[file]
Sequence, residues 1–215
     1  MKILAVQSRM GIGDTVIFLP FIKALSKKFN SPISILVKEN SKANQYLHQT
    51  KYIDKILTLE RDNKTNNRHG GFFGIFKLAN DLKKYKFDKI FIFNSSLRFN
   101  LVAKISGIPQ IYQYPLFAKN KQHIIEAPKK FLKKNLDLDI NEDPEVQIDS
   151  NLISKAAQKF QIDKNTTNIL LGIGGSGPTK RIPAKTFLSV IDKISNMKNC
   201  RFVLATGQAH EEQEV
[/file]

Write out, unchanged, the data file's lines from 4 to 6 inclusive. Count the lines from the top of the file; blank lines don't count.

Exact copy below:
   101  LVAKISGIPQ IYQYPLFAKN KQHIIEAPKK FLKKNLDLDI NEDPEVQIDS
   151  NLISKAAQKF QIDKNTTNIL LGIGGSGPTK RIPAKTFLSV IDKISNMKNC
   201  RFVLATGQAH EEQEV